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Title: Global isotopic ratios of fugitive gas emissions from natural and anthropogenic sources from Earth observation satellites
Author: Malina, Edward
ISNI:       0000 0004 7229 9144
Awarding Body: UCL (University College London)
Current Institution: University College London (University of London)
Date of Award: 2018
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Methane is one of the most important greenhouse gases in the Earth’s atmosphere. The global growth of methane therefore presents a significant challenge for the scientific community. Global measurements currently provide high quality regional estimates of methane concentration, but little information on the origins of atmospheric methane. This thesis presents a range of studies aimed at determining the capability of current Earth Observation (EO) satellites for identifying methane sources and their origins on a global scale. Two key areas are studied: 1) source and seep detection using high spatial and temporal resolution measurements; and 2) identification of the origins of these sources through the measurement of the ratio of the main methane isotopologues 12CH4 and 13CH4. This ratio, otherwise known as δ13C, can be employed to identify the nature of a methane source, whether it originates from a biogenic source (e.g. marshlands) or abiogenic (industrial bi-products). The application of residual radiance and information content analysis techniques show that total column measurements of δ13C are feasible using the GOSAT-TANSO-FTS. Initial synthetic studies suggest total column retrieval errors of < 20% or up to 3 ppbv can be anticipated on 13CH4. High spatial and temporal resolution data products from the satellites GOSAT and the Infrared Atmospheric Sounding Interferometer (IASI) are used to identify point sources of high methane output on the Earth’s surface. Measurements are focused on three known emissions points, and both instruments show significant capability for “hot-spot” detection, albeit with significant bias between the instruments. One of the previously published sources with SCIAMACHY is found to be missing in the GOSAT and IASI retrievals. Assessments are made into the potential error sources of these instruments, which show that although the current EO satellite IASI and GOSAT can potentially be powerful tools, careful error analysis must be made before making any definitive conclusions.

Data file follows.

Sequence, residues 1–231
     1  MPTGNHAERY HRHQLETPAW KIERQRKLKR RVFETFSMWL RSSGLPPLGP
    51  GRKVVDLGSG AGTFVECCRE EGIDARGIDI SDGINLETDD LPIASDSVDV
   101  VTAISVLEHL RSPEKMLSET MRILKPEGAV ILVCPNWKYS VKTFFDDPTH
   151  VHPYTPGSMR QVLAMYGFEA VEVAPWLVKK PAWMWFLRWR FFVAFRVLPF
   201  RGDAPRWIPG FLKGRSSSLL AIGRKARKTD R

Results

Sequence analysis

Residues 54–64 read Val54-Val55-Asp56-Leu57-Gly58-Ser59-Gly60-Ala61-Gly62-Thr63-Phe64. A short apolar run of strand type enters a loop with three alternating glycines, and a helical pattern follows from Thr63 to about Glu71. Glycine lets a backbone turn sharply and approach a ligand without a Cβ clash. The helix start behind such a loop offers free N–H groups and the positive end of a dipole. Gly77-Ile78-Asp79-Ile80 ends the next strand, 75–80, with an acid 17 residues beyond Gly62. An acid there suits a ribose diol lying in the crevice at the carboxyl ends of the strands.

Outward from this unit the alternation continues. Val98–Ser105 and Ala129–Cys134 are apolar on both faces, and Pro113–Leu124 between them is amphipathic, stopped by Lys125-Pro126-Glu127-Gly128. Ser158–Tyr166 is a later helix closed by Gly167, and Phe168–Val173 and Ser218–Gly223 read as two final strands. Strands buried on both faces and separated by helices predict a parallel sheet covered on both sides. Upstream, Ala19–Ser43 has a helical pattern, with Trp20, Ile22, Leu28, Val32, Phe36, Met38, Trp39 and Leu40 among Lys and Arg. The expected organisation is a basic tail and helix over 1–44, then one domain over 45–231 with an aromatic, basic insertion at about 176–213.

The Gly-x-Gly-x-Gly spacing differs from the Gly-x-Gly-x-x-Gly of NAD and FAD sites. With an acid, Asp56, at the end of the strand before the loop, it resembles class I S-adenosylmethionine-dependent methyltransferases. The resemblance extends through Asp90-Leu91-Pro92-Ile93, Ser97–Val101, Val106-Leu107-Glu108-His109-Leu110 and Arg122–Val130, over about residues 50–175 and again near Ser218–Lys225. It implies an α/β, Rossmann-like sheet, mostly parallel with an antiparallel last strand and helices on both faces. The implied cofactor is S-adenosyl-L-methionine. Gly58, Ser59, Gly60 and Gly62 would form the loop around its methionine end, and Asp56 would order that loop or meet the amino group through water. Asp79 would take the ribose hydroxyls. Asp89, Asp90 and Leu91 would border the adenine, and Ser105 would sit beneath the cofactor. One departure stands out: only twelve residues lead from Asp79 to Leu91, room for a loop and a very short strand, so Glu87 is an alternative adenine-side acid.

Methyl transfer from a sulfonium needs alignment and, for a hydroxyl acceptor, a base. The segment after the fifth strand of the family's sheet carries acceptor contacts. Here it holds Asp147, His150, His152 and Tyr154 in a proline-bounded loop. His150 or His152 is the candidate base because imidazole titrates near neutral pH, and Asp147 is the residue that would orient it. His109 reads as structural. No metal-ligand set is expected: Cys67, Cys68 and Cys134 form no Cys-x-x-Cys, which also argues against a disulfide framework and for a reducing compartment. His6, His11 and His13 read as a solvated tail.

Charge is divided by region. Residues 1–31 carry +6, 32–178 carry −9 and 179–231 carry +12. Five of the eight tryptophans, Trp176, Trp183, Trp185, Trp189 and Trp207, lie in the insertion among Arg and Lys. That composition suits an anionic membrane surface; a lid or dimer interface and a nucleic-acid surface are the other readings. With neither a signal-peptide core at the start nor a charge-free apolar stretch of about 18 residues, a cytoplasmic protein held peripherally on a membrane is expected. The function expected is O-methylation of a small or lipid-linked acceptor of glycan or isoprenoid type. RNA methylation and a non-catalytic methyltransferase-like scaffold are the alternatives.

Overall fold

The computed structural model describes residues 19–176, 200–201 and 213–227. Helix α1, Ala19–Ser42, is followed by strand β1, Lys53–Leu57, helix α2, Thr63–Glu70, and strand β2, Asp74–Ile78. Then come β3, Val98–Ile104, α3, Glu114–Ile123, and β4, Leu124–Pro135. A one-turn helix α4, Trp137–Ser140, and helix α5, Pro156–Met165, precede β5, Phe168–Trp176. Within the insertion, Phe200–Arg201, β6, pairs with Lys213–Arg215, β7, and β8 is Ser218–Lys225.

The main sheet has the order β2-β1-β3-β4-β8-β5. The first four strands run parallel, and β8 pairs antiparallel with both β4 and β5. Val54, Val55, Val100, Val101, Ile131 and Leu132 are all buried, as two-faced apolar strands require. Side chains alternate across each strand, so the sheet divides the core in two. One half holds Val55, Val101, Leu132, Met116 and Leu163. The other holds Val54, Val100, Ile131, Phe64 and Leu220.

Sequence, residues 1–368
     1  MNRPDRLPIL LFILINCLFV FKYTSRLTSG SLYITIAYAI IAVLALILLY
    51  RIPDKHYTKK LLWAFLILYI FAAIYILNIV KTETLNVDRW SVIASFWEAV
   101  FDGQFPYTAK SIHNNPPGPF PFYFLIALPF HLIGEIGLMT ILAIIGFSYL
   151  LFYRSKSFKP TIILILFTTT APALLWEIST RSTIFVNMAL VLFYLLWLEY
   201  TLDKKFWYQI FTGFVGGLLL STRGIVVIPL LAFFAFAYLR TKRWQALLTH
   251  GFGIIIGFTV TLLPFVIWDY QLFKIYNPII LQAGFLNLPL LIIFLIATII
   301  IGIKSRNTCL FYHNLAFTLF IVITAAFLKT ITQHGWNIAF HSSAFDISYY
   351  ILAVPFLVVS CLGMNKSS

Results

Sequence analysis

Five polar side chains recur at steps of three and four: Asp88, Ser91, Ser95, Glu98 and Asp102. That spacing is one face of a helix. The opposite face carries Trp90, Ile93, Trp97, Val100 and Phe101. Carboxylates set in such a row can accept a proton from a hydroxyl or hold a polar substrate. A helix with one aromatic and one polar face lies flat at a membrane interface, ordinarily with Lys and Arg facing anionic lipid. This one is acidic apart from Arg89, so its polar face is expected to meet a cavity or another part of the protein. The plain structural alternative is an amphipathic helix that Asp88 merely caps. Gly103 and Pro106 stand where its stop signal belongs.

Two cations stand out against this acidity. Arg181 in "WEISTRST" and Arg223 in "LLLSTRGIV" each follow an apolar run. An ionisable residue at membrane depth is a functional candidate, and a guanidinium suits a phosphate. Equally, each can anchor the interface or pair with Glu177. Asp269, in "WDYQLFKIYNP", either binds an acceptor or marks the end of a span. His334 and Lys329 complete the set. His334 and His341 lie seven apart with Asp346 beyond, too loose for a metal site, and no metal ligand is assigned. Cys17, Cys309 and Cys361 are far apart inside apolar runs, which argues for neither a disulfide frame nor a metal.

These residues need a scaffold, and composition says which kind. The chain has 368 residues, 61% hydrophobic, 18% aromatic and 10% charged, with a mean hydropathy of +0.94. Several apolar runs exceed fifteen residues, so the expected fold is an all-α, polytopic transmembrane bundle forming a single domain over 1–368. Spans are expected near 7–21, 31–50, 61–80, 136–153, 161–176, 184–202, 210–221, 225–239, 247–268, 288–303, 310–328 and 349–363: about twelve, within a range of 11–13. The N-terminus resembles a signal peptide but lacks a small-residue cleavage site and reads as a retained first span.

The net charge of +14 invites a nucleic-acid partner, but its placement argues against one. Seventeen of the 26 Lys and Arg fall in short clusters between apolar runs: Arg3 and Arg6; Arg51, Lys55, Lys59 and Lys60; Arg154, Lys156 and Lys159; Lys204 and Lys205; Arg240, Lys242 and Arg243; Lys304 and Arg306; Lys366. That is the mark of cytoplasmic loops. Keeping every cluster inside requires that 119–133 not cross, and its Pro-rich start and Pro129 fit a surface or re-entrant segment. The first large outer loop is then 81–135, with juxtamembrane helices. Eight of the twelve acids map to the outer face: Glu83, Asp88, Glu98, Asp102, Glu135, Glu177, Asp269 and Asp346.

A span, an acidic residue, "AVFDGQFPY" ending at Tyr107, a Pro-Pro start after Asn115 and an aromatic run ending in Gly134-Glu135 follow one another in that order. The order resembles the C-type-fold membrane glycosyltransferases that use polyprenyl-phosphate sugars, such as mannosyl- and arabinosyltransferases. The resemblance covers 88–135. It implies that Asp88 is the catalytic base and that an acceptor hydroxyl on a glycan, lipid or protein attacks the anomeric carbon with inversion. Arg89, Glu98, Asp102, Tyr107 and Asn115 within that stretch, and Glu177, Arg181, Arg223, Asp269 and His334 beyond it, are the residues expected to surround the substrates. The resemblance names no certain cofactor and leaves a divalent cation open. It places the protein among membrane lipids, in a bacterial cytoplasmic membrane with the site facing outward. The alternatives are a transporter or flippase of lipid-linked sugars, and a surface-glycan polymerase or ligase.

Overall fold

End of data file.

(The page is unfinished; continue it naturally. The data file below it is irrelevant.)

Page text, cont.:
Supervisor: Muller, J-P. Sponsor: Not available
Qualification Name: Thesis (Ph.D.) Qualification Level: Doctoral
EThOS ID:  DOI: Not available